Many people have experienced traumatic events during childhood or later. Some may not even have considered them to be traumatic. These traumas might include being the victim of or exposure to violence; physical, sexual or emotional abuse; severe neglect; bullying; a serious accident or illness; domestic violence; death of a parent or other close relative; or being in active combat. Of course, not everyone who experiences one of these situations will be traumatized by it. Whether or not a person becomes traumatized as well as the extent of the trauma, depends on considerations like an individual’s resiliency and what kinds of protective factors, such as a strong support system, exist. If you were traumatized by a distressing event during your life, you may continue to experience symptoms caused by this event.
Past trauma can cause lifelong mental and physical difficulties. These trauma symptoms could include anxiety, panic attacks, difficulty sleeping or concentrating, hyperarousal, recurrent nightmares, flashbacks, recurrent distressing and intrusive thoughts, avoiding people, places or things associated with the trauma or being hypervigilant. Talking about or thinking about the traumatic event can actually re-traumatize you and cause more distress.
So what’s a healthy, effective way to deal with trauma symptoms? Grounding techniques can help. Victims of trauma often continue to re-experience the feelings of the panic and fear they felt during the traumatic event. But in reality, although you are experiencing this panic and fear, at the present moment you are safe and not in any immediate danger. Grounding techniques help remind you of this. They do this by bringing you back to the present moment, the here and now where you are safe and well. They pull you away from the frightening memories of the past and help you remember that right now everything is okay. They engage the senses such as sight, touch, smell or sound and focus our attention on what is going on at the moment. The concept is similar to mindfulness in its focus on the present.
There are lots of grounding techniques to choose from. It can be helpful to sample a few and see which ones are a good fit and most effective for you. When you first read about grounding techniques, you might think they sound kind of flakey or silly. But they have been proven effective for people who have experience trauma or diagnosed with PTSD. It helps to practice some when you are not experiencing trauma symptoms so you get comfortable with them and can use them when needed. The more you use them, the easier and more effective they get. These are not a cure all for trauma but can be a useful tool in your toolbox of coping skills. They can be used any place and anytime, at home, at work, on public transportation, walking down the street. Here are some examples:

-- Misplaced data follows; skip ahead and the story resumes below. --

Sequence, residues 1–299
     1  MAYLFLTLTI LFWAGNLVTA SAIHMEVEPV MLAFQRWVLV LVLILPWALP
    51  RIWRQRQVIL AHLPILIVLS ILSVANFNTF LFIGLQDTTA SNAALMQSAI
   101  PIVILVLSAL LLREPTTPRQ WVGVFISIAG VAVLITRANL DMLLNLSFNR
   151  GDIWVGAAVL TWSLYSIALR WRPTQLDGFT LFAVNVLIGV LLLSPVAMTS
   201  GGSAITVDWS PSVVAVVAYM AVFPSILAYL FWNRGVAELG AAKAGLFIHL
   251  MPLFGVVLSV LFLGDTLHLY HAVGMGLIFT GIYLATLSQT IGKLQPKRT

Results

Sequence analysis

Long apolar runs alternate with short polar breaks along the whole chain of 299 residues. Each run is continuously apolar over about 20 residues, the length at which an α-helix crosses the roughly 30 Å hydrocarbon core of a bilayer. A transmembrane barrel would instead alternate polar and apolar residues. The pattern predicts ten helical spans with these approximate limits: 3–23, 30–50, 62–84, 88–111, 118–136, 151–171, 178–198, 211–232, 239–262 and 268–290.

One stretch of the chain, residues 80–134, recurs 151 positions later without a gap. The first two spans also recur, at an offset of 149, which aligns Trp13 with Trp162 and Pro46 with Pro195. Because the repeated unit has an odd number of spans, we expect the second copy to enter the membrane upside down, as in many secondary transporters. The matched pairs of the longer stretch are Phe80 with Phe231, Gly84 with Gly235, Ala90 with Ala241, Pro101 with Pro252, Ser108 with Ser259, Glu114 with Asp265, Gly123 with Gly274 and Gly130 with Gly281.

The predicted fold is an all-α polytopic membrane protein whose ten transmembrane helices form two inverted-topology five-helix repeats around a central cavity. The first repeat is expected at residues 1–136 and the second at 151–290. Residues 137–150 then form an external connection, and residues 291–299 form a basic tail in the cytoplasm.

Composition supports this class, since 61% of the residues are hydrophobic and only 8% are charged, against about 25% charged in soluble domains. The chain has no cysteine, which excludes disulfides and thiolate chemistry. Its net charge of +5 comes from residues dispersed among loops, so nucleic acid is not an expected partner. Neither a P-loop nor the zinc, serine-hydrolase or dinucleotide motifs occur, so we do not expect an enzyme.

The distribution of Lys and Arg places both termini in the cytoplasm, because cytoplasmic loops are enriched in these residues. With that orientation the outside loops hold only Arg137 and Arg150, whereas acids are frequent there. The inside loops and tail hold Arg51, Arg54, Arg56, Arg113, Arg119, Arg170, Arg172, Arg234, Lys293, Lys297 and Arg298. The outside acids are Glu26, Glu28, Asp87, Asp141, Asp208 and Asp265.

- Look around the room and find all the items of a particular color or identify all the colors you see (There’s a blue book, a black chair, a grey telephone, a stack of white papers, etc.)
- Press your heels into the floor, literally grounding yourself or if you are sitting in a chair with arm rests, press your elbows into the arm rest
- Press your fingers on one hand into your fingers on your other hand
- Rub the fabric of your clothes between your fingers and think about or describe how it feels
- Describe what you are wearing (I am wearing a red flannel shirt, blue jeans, white cotton socks, grey running shoes)
- Let an ice cube melt in your hand or run water over your hand
- Say the alphabet backwards
- Name 5 things you can hear or smell (I hear birds chirping, cars honking, people talking, etc.)
- Jump up and down
- Hold something soft like a pillow or stuffed animal
If you google “grounding techniques” you can find lists of many, many more options. Try keeping a log where you list which grounding techniques you have tried and what you thought of them. Keep a list of the most effective ones in your wallet or purse to pull out and utilize in an emergency.
With grounding techniques, you come back to the present. You are reminded that in the present the scary situation from the past is just a memory and is not causing any immediate danger. You are safe and well right now. Using them repeatedly, helps teach our brain a healthier way to react to trauma symptoms with less distress. This occurs because doing these over and over again can build new neural pathways in your brain which lead to healthier thoughts and behavior. These techniques are simple to learn and use and have worked for many people.
If you or someone you know experiences mental health issues, it is important to seek help from a qualified professional. Our Resource Specialist can help you find expert mental health resources to recover in your community. Contact us now for more information on this free service to our users.
Author Bio: Debbie Shepard JD, LCSW, RDDP is the Program Director for Catholic Charities’ substance abuse treatment program in Chicago (312 655 7725, for intakes). Her previous experience includes managing the outpatient clinic at the Salvation Army’s Chicago substance abuse treatment program and working in psychiatric hospitals and an emergency department. Prior to getting her MSW degree from Loyola School of Social Work, she worked as an attorney in legal aid and at the juvenile court.
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